I suppose I should say here that because I’m talking about spoilers, I may unintentionally spoil something for you? (Book/movie spoilers revealed/discussed–Game of Thrones Book/Season 3, Walking Dead, The Sixth Sense, Harry Potter 6, Downton Abbey Season 3)
About a week ago the internet lost its collective mind over a Game of Thrones episode that ended with King Joffrey’s death. People who saw it immediately started talking, blogging, and creating memes. People who hadn’t seen the episode were furious about posted spoilers.
Stephen King’s spoiler tweet and reaction to those upset with him
Is it really a spoiler if there’s a book? Is there a statute of limitations on spoilers? Is it even possible to avoid spoilers, given social media? How do we follow Wheaton’s Law (“Don’t be a dick”) regarding potential spoilers? I began to think about these questions and asked on Facebook and Twitter to get other’s opinions.
Is it really a spoiler if there’s a book?
I’m of two minds about this. I’m generally a firm “read the book first” type of person, although I’ve broken that rule. I didn’t read the Walking Dead comics before I saw the show and became interested in doing so; I’m not a comic kind of person anymore. I didn’t read World War Z until after I saw the movie and my friends all started screaming about how the movie was a travesty and I had to read the book. On the other hand, my husband and I are both avoiding Game of Thrones because we haven’t read the books and we feel like we shouldn’t watch it until we do.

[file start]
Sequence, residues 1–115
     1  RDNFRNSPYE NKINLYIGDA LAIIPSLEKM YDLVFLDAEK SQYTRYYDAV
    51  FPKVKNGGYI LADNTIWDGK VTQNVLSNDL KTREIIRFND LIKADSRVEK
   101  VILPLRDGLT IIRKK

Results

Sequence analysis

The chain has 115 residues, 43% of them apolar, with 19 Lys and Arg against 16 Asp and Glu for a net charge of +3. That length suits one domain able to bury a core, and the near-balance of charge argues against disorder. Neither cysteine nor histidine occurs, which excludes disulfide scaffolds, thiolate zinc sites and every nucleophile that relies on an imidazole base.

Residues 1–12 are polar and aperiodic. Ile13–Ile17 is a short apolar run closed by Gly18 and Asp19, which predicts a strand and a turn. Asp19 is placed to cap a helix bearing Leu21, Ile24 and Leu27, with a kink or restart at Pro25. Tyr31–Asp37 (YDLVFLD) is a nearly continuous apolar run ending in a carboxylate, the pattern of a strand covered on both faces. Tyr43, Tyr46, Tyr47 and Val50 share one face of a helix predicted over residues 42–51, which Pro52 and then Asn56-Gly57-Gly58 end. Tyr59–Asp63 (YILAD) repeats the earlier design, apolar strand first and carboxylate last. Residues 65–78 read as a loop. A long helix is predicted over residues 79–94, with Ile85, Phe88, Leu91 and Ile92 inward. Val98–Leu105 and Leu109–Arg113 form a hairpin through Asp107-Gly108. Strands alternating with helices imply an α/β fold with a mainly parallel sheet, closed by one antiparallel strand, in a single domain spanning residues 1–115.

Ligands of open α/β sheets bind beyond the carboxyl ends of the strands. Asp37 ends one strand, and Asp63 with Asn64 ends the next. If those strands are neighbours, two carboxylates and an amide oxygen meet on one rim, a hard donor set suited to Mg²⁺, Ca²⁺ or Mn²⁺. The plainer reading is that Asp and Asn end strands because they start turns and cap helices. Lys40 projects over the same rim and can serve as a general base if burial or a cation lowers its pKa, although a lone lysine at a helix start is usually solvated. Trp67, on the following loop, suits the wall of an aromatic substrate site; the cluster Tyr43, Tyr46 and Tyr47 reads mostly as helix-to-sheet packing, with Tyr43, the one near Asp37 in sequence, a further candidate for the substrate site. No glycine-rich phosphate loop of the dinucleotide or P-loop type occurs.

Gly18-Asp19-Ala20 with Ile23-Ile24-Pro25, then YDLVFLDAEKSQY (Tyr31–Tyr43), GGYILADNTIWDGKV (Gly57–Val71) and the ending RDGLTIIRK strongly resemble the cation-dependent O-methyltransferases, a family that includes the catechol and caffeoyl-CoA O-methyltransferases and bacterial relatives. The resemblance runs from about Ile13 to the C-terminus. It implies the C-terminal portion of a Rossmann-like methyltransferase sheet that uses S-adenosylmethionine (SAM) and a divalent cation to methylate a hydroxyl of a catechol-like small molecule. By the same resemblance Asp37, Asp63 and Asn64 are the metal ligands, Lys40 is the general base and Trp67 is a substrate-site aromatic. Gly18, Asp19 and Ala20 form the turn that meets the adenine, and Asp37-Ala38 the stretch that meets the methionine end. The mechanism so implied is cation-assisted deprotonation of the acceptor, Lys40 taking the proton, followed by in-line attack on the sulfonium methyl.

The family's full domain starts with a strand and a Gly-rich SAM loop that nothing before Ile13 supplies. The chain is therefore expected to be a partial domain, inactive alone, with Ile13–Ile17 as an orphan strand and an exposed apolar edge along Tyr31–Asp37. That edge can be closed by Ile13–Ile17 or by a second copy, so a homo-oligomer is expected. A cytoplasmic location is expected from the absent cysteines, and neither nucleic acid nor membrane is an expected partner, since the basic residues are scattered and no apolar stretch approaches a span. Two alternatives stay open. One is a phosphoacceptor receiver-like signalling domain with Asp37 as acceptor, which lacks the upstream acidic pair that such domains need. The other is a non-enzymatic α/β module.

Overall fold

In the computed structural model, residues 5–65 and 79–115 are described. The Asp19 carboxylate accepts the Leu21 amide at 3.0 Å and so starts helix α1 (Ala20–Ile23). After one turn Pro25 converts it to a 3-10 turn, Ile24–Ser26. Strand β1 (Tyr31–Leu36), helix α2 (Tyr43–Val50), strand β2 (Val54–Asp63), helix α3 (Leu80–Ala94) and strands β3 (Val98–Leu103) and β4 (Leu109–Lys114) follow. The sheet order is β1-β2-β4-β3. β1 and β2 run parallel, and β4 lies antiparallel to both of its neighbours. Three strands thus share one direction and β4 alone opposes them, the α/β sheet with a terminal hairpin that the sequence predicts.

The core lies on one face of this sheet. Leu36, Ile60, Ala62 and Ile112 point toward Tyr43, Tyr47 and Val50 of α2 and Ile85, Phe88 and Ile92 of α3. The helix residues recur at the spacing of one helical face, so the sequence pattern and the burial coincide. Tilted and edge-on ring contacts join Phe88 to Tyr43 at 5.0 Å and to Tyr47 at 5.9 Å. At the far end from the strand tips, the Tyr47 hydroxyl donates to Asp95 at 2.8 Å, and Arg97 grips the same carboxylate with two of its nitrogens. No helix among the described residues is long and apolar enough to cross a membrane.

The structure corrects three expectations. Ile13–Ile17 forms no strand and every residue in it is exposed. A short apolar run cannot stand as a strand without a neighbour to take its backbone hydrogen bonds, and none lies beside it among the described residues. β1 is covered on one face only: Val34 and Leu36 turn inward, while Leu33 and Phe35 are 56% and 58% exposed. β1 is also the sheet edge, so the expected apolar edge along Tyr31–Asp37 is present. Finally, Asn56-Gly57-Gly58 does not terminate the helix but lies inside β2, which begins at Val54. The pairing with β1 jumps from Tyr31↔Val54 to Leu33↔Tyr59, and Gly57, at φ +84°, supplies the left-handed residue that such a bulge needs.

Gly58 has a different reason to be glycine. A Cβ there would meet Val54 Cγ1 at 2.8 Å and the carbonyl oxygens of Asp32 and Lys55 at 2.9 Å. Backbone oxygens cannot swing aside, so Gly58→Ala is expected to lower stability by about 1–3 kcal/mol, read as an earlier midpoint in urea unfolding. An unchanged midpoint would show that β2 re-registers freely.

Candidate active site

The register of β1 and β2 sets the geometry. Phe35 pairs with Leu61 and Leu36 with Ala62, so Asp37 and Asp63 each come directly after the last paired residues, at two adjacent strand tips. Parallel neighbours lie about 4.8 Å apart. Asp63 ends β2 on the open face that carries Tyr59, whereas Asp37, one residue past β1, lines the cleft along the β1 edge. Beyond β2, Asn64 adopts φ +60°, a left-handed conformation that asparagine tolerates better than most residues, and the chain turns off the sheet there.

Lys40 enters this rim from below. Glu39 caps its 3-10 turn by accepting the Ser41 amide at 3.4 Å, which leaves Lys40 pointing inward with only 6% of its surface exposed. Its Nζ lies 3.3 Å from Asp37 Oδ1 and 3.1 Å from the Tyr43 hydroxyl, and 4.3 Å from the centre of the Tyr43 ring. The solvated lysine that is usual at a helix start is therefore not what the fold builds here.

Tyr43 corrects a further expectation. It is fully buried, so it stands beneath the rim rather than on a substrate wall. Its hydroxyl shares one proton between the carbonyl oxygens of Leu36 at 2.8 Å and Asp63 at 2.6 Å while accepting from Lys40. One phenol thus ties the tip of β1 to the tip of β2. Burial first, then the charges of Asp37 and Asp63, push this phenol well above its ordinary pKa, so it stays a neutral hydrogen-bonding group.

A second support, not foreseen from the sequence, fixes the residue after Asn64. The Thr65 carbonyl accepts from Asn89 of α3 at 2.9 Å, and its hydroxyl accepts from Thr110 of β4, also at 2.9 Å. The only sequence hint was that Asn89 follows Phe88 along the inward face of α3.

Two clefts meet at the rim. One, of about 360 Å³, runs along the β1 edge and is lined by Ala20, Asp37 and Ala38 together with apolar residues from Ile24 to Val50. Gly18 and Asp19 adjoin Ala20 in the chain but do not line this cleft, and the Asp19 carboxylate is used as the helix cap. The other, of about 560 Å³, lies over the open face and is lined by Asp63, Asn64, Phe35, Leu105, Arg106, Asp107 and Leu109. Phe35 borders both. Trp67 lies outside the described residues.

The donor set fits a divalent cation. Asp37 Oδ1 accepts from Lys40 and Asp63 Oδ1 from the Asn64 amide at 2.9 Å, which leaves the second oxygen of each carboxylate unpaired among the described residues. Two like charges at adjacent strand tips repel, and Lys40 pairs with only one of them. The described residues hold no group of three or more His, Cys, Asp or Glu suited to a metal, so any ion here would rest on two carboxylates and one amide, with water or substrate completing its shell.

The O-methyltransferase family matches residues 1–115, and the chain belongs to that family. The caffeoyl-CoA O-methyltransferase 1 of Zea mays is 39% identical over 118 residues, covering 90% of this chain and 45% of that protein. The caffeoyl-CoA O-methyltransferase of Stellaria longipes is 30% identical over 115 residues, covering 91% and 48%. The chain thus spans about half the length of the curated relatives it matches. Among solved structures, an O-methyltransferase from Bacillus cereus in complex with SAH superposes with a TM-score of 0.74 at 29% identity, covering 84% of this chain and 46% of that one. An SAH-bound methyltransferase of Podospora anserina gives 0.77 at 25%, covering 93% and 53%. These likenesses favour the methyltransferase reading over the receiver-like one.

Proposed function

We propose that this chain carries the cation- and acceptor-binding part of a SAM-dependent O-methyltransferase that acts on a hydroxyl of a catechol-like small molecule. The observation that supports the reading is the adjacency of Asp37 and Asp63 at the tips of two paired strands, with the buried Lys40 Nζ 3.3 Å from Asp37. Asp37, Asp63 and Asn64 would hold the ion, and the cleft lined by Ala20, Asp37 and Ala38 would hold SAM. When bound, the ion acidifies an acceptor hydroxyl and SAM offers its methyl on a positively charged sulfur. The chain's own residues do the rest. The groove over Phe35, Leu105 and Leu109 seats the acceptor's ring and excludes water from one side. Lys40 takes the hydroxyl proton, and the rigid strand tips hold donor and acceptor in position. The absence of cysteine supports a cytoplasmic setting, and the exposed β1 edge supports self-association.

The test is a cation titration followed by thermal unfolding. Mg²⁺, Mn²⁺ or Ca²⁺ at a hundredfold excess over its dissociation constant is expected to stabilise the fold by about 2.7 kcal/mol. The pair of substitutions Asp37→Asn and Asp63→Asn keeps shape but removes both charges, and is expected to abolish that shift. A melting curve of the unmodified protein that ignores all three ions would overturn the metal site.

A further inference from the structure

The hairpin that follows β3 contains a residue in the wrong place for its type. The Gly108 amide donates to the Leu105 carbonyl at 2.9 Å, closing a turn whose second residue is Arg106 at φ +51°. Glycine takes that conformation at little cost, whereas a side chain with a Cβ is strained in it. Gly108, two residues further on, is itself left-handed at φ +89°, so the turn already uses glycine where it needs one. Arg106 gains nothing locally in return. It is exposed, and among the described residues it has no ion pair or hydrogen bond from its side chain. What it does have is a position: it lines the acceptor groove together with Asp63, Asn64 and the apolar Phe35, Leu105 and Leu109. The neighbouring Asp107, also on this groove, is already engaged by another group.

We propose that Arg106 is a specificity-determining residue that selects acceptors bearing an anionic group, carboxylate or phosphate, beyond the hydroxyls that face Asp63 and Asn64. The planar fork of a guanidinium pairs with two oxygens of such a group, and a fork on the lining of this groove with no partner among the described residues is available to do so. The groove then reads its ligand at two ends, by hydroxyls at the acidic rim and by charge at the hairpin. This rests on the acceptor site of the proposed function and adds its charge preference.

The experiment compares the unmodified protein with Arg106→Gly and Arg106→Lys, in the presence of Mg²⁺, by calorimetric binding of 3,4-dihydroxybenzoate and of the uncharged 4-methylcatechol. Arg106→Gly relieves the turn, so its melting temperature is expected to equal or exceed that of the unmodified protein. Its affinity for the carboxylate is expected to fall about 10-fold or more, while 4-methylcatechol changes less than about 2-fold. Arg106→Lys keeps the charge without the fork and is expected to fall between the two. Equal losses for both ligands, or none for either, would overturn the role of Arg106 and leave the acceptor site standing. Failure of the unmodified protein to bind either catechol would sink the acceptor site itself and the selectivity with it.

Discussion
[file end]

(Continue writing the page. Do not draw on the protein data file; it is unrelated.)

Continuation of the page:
My friend Rosemary pointed out that “You should cut people a break on book vs. tv/movies. I’m never going to read the GoT books, so the show is new to me, even though the books have been out for a while, so don’t spoil it for me.” I think she makes a valid point. Is the attitude of “you should’ve just read the damn books” just plain rude? I’m not going to be a jerk about it. I feel bad if I spoil a twist someone didn’t know about because they didn’t read the book.
Stephanie has a more gentle take on this book v show war. “If watching the show is your first introduction to the books, nothing is a spoiler. It’s just catching up to everybody else.”
Of course the tv show/movie isn’t ever going to be 100% faithful, so in spoiling, you may be spoiling something that isn’t in the books. The Daryl character on Walking Dead, isn’t in the comics and the show has departed and often toned down the comic’s storylines (the Governor is nowhere near as sadistic in the tv show–he doesn’t rape Michonne for one). So there is often a divide–essentially creating two works with the same name which may or may not reflect one another.
found in a google search, credited to icanhazcheesburger in the photo
Is there a statute of limitation on a spoiler?
There was consensus that there’s definitely a statue of limitations on a spoiler and that some people take it way too far.
Jennie said “I went to a class at the Oregon Shakespeare Festival last summer and we were seeing Cymbeline, a very complicated play… But the instructor wouldn’t tell us any of the plot points because she didn’t want to “spoil” anything. Certainly Shakespeare has exceeded the statute of limitations on spoiler alerts…” But there’s a difference between just over 400 years ago and a book that’s only been out a few years.
Vinitha says “I rarely read books the year they are released – would prefer a *spoiler alert* warning if you plan to spill the beans.”